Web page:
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HON 4960 Lifehacking the Literature: Home

Seminar Description

Whether in our academic pursuits or in daily life, we are surrounded by a complex information environment.  Metaliteracy is the set of critical analysis and production skills that help us navigate that world.  For example, who owns information or can it be owned?  How can social media define us or expose us?  How does ready access to an (over)abundance of information change how we think and function?  In addition, while each discipline has its own way of doing research, good research skills are universal. This seminar will provide practical skills in information gathering and access useful for in-depth exploration in your own field, and the seminar may serve as a stepping stone for students embarking on their honors thesis project and eventually graduate school.


Data Room Topic Due Today
1/22 CL1025 Intro & Overview  
1/27 CL2024 What is Research? Bring Research Topic to Class
1/29 CL1025 EndNote Revised Research Topic
2/3 CL2024 Information Impact Complete Google Survey
2/5 CL1025 Library Catalogs Information Trend Analysis
2/10 CL2024 Print & Digital Culture  
2/12 CL1025 Research Databases I  
2/17 Canaday Center
(5th Floor)
Preservation & Permanence  
2/19 CL1025 Research Databases II  
2/24 CL2024 Supression/Control of Information Discussion Questions
2/26 CL1025 Government Sources Primary Sources / Carl Joseph
3/2 CL1025 Work Day  
3/4 CL1025 Midterm Exam I  
3/9-11   SPRING BREAK  
3/16 CANCELLED Dissertations & Conferences  
3/18 ONLINE Privacy  
3/23 ONLINE Research Ethics & Peer Review  
3/25 ONLINE Citation & Author Searching Ethics Case Study
3/30 ONLINE Copyright & Open Access Citations
4/1 ONLINE Information Evaluation Open Access & Traditional Journals
4/6 ONLINE Digital Divides  
4/8 ONLINE Digital Divides (continued) Digital Inequity Presentation
4/13 ONLINE Media, Social & Otherwise Reflective Essay on Web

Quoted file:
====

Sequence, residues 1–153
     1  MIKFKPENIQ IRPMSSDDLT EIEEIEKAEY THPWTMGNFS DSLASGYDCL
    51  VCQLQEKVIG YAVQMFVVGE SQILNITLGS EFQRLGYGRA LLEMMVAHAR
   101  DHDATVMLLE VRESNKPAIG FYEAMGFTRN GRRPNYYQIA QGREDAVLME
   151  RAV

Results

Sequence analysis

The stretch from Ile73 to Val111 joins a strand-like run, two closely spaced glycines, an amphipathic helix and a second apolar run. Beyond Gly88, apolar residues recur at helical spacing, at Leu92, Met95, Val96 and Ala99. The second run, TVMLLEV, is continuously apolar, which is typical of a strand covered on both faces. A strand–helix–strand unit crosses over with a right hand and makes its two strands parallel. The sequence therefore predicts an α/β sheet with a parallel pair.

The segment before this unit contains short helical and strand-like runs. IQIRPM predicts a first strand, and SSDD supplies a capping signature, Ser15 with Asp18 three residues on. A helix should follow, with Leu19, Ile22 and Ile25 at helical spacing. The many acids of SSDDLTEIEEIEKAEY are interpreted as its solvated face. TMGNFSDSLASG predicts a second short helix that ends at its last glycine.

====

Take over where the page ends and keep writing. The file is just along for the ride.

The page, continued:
4/15 ONLINE Facts & Opinions Research  
4/20 ONLINE Work Day Media
4/22 ONLINE Midterm II  
4/27 ONLINE Presentations Presentations


ONLINE Presentations Presentations
5/4   Finals Week - NO CLASS  
5/6 ONLINE Finals Week - Bibliography Due Annotated Bibliography

Evaluation Rubric & Grading Scale

Students will be graded on several aspects: class participation and evidence of completing assigned readings (20%); written class assignments (25%); two essay-type midterm examinations aimed at questions on the changing nature of information (each 15%); and a semester-long project to prepare a detailed annotated bibliography on a topic of their choosing (20%) and presentation on the research process used to prepare the bibliography (5%) This bibliography could be the first step in preparing your honors thesis, or it could be on any topic of your choosing that crosses interdisciplinary research lines.

Graded work Points
Annotated Bibliography 40
Presentation on Research Process 10
Midterm 1 30
(Three 10 pt. essays)
Midterm 2 30
(Three 10 pt. essays)
Homework Assignments 50
(Ten 5 pt. assignments)
Class Participation & Attendance 40
(see syllabus regarding absences)
TOTAL 200 Points

A standard scale will be applied to final grades (>93% A, 90-93%, A-, etc.)

Info Science Link of the Day

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Course Goals & Student Learning Objectives

Course Goals [Keyed to UToledo's Institutional Learning Outcomes]:

    After taking this seminar, students will be able to: